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Huntn

macrumors demi-god
May 5, 2008
18,856
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The Misty Mountains
Nyquil. no measure cup, just chug it.
Better yet, see if you can chug the whole bottle....:rolleyes:
[doublepost=1546297459][/doublepost]
Zinc tablets help lessen the time it's around. I like Advil Cold and Sinus (with pseudo-ephedrine) to treat the usual symptoms.
I’m no expert on this, but I remember reading that zinc maybe not all that good for you. When I was reading up on Zicam, they pulled it from the market when the FDA put our a warning about zinc, and they had it in their product’s formula. Since then it has been released with a new formula, absent the zinc.
 

jkcerda

macrumors 6502a
Jun 10, 2013
872
41,418
Criminal Mexi Midget
Better yet, see if you can chug the whole bottle....:rolleyes:
[doublepost=1546297459][/doublepost]
I’m no expert on this, but I remember reading that zinc maybe not all that good for you. When I was reading up on Zicam, they pulled it from the market when the FDA put our a warning about zinc, and they had it in their product’s formula. Since then it has been released with a new formula, absent the zinc.
Cause it’s not cheap?:p
 

RootBeerMan

macrumors 65816
Jan 3, 2016
1,448
5,213
Better yet, see if you can chug the whole bottle....:rolleyes:
[doublepost=1546297459][/doublepost]
I’m no expert on this, but I remember reading that zinc maybe not all that good for you. When I was reading up on Zicam, they pulled it from the market when the FDA put our a warning about zinc, and they had it in their product’s formula. Since then it has been released with a new formula, absent the zinc.
Zicam was not recalled due to the use of zinc in its formulation and the FDA never issued a warning about zinc (an essential nutrient). It was recalled because there were numerous reports of it causing people to lose their sense of smell. The FDA never linked zinc gluconate directly to the issue, though, (even though it may cause burns to delicate tissues). That was unresolved in any scientific manner, only legal, in the resulting lawsuits for loss of smell due to zicam nasal gels. This is what happens when people use homeopathic "remedies". That said, I wouldn't put anything up my nose short of Dristan (and they don't even make that wonder drug anymore). Zinc lozenges and tablets have been shown to shorten the length of colds in scientific studies and they do not cause any issues.

"For the common cold, zinc lozenges -- 10 mg to 15 mg daily -- are supposed to be started within 24 hours of the onset of cold symptoms. Then, take the zinc lozenges every two to three hours until the symptoms go away. There are zinc supplements in pill and liquid form."

https://www.webmd.com/vitamins-and-supplements/supplement-guide-zinc#1
 
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Zenithal

macrumors G3
Sep 10, 2009
9,558
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Orally consumed zinc offers up similar problems along with loss of taste. Zinc studies usually focus on the onset of a cold, not during the cold. After doing saline rinses for about a week I've become a convert. Really gets the gunk out and eliminates post nasal drip and the associated cough.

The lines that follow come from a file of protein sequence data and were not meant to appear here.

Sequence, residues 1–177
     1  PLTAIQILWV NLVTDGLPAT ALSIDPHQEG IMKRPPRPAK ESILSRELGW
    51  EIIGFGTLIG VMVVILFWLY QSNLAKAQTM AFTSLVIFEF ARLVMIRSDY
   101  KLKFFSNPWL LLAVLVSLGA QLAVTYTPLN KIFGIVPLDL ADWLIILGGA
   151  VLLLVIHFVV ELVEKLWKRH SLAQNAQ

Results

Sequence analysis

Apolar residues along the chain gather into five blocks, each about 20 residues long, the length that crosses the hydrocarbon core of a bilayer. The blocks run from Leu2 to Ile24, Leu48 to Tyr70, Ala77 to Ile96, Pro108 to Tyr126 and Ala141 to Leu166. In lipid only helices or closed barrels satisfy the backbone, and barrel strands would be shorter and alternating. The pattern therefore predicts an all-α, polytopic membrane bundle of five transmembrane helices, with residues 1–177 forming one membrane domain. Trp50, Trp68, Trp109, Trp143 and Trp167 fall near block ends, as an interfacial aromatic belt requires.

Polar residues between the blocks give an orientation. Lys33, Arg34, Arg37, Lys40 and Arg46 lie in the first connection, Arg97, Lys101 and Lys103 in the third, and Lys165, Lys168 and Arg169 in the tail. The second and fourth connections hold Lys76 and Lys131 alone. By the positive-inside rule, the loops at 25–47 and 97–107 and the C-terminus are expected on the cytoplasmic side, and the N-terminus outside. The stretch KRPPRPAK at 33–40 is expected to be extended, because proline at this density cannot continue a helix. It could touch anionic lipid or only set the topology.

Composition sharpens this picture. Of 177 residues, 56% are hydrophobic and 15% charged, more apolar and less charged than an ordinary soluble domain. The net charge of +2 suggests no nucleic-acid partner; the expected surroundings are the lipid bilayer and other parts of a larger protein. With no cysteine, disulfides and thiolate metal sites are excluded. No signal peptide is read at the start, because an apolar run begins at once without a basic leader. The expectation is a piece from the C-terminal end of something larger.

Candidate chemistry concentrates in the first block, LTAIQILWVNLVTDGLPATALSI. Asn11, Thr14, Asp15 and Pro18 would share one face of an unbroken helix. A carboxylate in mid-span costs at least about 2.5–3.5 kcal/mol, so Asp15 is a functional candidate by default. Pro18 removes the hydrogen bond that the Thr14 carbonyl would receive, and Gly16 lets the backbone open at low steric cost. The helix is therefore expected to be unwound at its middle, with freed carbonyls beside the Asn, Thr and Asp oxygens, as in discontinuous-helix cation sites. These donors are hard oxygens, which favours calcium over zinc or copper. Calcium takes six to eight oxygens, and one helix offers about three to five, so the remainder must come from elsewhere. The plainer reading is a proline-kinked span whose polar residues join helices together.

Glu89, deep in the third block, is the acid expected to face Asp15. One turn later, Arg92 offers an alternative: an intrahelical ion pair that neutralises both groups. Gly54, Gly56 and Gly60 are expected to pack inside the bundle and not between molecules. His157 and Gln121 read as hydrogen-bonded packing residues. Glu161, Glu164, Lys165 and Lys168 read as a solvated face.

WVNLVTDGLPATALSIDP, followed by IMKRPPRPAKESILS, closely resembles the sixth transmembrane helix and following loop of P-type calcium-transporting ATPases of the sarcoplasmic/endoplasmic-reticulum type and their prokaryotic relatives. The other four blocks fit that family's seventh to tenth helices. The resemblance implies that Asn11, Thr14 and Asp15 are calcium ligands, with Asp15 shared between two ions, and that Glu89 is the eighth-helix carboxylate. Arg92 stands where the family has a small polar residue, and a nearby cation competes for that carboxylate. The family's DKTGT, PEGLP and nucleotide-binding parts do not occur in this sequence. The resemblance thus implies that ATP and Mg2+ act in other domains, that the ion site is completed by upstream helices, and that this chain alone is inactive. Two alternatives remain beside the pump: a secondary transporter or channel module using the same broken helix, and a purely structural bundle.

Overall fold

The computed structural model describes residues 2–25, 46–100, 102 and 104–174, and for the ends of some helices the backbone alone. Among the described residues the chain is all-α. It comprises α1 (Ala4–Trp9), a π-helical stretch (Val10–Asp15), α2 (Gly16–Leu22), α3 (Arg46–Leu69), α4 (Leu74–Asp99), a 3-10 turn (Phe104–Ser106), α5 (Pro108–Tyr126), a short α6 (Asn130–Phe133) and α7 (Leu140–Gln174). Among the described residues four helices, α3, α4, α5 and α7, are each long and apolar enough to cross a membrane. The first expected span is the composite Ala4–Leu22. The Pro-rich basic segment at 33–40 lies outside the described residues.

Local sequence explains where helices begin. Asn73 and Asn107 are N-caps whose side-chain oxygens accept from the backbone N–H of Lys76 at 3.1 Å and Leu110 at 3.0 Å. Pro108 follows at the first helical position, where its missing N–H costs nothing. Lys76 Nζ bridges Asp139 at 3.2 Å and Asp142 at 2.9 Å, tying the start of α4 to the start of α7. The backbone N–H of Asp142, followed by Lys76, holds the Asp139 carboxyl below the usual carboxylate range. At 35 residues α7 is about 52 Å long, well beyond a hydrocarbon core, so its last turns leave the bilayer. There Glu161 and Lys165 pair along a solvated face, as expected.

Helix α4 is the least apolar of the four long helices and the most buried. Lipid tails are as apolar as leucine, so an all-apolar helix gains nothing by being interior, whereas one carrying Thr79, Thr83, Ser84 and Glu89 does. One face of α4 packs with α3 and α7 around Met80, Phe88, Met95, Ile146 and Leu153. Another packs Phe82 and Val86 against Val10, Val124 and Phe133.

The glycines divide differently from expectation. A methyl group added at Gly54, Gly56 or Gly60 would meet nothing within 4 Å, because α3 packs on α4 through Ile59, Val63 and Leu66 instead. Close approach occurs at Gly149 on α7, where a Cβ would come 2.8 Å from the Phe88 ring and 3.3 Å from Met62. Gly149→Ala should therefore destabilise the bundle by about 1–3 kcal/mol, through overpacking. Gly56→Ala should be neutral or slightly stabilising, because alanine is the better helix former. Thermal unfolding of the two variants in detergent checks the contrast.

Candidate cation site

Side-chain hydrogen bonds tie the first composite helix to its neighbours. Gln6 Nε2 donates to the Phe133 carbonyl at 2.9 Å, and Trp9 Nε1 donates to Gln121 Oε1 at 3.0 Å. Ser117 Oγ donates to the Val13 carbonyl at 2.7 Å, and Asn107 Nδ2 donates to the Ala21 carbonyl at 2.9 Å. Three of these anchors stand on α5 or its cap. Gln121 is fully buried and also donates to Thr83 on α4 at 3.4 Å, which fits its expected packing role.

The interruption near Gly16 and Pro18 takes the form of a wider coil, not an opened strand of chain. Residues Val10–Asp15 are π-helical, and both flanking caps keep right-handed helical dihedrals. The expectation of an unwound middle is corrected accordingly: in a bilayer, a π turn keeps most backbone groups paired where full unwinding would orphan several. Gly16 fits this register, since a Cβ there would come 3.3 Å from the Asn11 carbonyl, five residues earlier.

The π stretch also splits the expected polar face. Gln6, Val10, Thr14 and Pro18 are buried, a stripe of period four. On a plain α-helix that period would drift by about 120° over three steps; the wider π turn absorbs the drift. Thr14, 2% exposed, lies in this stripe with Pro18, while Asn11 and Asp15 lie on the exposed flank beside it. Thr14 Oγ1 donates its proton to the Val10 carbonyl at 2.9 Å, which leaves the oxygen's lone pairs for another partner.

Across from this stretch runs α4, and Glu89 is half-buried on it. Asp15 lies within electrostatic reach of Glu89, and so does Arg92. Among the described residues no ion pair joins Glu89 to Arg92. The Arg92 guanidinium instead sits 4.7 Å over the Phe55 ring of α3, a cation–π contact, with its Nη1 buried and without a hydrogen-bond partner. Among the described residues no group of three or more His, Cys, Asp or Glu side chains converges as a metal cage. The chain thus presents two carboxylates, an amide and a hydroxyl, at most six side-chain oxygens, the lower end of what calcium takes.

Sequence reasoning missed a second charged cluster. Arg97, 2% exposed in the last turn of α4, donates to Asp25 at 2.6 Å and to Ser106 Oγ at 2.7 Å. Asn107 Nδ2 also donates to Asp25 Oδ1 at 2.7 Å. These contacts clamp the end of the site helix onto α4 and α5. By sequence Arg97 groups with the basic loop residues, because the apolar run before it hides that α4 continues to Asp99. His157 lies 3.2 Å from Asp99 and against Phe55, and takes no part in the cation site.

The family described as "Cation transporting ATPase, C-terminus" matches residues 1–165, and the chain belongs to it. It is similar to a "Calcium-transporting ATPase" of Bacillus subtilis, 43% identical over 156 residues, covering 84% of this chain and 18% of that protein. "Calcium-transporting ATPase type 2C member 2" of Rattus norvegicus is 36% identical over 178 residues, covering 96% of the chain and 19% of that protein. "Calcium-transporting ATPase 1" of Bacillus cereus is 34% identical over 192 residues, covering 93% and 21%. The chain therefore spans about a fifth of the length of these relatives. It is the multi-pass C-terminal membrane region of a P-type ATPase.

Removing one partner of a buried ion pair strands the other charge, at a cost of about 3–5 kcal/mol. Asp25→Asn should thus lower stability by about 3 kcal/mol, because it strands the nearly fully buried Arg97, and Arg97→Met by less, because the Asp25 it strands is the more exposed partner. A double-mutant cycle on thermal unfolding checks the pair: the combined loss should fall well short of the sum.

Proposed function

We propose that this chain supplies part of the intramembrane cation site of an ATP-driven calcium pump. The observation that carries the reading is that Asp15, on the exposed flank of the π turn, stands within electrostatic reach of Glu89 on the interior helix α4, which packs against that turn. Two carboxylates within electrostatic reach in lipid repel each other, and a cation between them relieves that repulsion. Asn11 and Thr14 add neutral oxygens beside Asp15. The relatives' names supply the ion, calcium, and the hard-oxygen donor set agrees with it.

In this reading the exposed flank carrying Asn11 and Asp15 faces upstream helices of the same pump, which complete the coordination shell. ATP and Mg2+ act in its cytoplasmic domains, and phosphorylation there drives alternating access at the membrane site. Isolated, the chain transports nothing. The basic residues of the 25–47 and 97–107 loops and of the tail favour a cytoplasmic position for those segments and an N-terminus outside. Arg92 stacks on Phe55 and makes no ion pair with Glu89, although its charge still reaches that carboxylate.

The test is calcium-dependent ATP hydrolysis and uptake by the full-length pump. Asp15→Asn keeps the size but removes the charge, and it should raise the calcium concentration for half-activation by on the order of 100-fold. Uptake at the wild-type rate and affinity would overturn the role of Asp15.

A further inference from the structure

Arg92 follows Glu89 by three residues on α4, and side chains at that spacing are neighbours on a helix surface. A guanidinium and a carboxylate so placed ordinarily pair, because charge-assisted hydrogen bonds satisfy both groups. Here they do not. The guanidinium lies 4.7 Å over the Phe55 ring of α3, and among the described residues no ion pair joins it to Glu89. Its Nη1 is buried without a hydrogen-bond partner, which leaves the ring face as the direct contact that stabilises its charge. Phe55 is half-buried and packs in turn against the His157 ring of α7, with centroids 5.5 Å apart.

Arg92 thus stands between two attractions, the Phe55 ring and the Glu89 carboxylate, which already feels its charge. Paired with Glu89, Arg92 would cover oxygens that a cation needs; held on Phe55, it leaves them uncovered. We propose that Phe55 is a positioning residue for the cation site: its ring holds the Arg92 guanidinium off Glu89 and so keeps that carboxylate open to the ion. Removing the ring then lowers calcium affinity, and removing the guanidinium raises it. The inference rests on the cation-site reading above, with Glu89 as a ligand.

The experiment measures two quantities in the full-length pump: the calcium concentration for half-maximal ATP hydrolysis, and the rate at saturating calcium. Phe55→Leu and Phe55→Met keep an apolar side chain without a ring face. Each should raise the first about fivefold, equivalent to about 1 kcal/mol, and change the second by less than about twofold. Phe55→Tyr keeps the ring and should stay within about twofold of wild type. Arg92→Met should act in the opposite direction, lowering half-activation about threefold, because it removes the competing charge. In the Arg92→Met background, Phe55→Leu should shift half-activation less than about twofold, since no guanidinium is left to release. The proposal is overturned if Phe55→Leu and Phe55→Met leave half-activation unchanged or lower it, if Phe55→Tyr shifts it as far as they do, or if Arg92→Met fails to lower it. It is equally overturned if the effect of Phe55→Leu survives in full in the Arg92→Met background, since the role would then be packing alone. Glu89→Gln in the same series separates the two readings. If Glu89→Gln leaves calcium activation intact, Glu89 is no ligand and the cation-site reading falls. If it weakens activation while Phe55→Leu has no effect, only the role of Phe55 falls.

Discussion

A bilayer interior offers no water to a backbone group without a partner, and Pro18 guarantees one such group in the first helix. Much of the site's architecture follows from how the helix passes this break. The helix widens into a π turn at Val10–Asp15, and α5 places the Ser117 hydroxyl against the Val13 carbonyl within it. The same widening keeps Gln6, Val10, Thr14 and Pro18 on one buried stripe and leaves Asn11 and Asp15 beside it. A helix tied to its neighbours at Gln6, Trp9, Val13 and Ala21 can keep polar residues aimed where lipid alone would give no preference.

There's some very vague research in silver drops taken orally during the onset of a cold or sore throat.

Most interesting is there are large hospitals in the US reinstalling railings and door handles in high traffic areas made of copper over traditional stainless steel. Silver works, too, but needs moisture to work properly. I think the high cost of copper and how quickly it deteriorates without a protective coating which voids its benefits works against the idea of utilizing it more.
That said, I wouldn't put anything up my nose short of Dristan (and they don't even make that wonder drug anymore).
Yes, they do. Vicks Sinex and Afrin are two name brands that share the exact same drug and strength that was in Dristan. Even Zicam offers a severe congestion product with the active ingredient being what was in Dristan and what's available in the other brands. Even retailers carry generic in-house brands of the drug.

My recommendation would be to pick up the Afrin. It's the cheapest out of all of them unless you find an in-house generic for slightly cheaper. GoodSense Pharmacy (a generics maker) sells it. It's at least $.30 cheaper than Afrin. Afrin's base version runs a little over $3.85 at most stores, with it running as high as $6 at some places. Sinex runs about $14 for a two pack, so it's on the more expensive side.

And as I pointed out to @Huntn, avoid buying products with phenylephrine. It is beyond useless when taken orally. If you need the good stuff, go talk to the pharmacist and hand them your ID/license and ask to purchase a box of name brand or generic Sudafed, which uses psuedoephedrine. This is what Sudafed used to be before meth heads realized you could use it to make meth easier.

How often and how much you can purchase it depends on what your state decided when moving it to the controlled substances list.


The majority of drug combinations are the same. Theraflu, NeoCitran, DayQuil, NyQuil, et al. are virtually all the same in different flavors or forms. Buying the drugs separately is cheaper in the long run.